Rand Paul dá mais uma entrevista em que procura explicar algumas das suas ideias sobre a política externa norte-americana, defender-se de acusações e abordar a questão de como agir contra o Estado Islâmico. Os destaques são da minha autoria mas a entrevista deve ser lida na íntegra na The Federalist. A caixa de comentários, servirá para o necessário carpir de mágoas aos viúvos devotos do isolacionismo.
Rand Paul Responds To His Critics On ISIS And Foreign Policy An exclusive interview with the Senator from Kentucky.
(…)The thing that I in some ways laugh at, because nobody seems to get this, is that I spent the past five years in public life telling everyone that “hey, I’m not an isolationist” … and when they find out I’m not, they say I’ve switched positions, because I’m not the position they were saying I was. You know what I mean? So for five years they’ve been accusing me of being something that I say I’m not. And then when they find out I’m really not, they say I’ve changed my position. You can see how it’s a little bit frustrating for me. (…)
At the same time, I’ve also said all along that I’m not for no interventions. I’m not for saying “we never intervene”, and this is what I’ve spent five years trying to tell people is my policy, I don’t want to be branded as someone who believes in no intervention. In the current situation, I do think this is a judgement call, and I still continue to believe that Congress should vote on it. It’s an imperative that Congress declare war, and I’ve never changed my position on that, but I’ve always said that when we vote then there is a debate, and the debate concerns our vital American interests. And that’s something that even good people can sometimes disagree on. With ISIS, they’re beheading American citizens, they’ve actively said that if they can, and when they can, they’ll come to New York. They’re within, I think a day’s march or a day’s drive of Erbil and the consulate there. I think that they probably would be repelled in Baghdad, but they could be a threat to Baghdad. I think ultimately if left to their own devices, they could organize the same way Al-Qaeda organized in Afghanistan, and if given a safe haven that they could be a real threat to us at home.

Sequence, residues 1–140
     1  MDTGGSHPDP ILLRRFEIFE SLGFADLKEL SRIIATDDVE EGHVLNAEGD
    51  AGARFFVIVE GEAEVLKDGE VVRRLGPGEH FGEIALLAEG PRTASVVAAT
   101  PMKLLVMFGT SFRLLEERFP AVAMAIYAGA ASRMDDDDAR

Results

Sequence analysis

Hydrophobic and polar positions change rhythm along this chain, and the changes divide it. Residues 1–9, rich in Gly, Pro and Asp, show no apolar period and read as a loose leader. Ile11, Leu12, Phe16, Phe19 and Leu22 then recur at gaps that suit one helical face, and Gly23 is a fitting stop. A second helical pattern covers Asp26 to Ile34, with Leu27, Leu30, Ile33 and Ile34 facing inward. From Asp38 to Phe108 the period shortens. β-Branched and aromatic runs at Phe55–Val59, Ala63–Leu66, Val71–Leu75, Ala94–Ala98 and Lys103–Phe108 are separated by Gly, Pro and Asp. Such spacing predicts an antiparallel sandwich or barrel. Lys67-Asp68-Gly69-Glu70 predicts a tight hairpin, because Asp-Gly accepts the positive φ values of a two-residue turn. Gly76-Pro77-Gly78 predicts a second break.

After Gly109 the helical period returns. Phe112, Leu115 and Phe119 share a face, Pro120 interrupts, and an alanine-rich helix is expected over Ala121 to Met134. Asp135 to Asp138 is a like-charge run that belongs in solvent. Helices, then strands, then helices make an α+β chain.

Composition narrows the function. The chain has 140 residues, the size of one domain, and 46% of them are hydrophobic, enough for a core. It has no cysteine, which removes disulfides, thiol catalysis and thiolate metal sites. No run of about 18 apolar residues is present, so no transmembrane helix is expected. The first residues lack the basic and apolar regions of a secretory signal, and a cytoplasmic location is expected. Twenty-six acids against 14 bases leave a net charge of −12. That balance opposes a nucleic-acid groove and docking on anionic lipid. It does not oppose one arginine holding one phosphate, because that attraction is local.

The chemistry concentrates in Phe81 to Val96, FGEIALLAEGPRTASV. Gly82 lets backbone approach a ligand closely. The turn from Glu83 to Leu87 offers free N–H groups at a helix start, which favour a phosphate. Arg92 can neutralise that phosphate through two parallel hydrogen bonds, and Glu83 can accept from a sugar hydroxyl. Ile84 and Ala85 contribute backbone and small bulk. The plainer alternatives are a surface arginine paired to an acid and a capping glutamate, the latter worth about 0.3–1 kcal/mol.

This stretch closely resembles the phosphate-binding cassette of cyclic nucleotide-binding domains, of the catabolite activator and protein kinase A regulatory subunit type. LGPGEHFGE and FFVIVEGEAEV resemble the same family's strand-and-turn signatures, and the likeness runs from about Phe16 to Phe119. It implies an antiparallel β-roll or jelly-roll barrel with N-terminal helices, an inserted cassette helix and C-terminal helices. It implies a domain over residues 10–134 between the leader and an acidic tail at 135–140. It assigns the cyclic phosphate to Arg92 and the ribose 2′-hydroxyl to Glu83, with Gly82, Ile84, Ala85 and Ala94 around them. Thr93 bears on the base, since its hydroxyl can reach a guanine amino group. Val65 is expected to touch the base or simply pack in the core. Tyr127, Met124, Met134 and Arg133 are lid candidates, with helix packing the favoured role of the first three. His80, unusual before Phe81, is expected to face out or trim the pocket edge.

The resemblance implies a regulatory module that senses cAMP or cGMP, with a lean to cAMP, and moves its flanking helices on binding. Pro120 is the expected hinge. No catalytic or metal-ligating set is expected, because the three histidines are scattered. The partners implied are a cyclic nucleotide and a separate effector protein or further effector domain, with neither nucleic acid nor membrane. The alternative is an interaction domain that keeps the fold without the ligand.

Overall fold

(…)In general, I do think the war on the ground should be fought by those who live there. It offends me that sixteen of the nineteen hijackers were Saudis, it offends me that they finance radical Islam, and it offends me that they get rich off of our buying their oil and they don’t fight. So I’d like to see the first several thousands in the front lines attacking ISIS be Iraqis, but I’d also like to see the Saudis up there, Kuwaitis, Qataris. I’d like to see them fight. Ultimately, and this is where I in some ways I agree with the president, this is a long war against radical Islam, but the ultimate victory over radical Islam will have to come from civilized Islam. (…)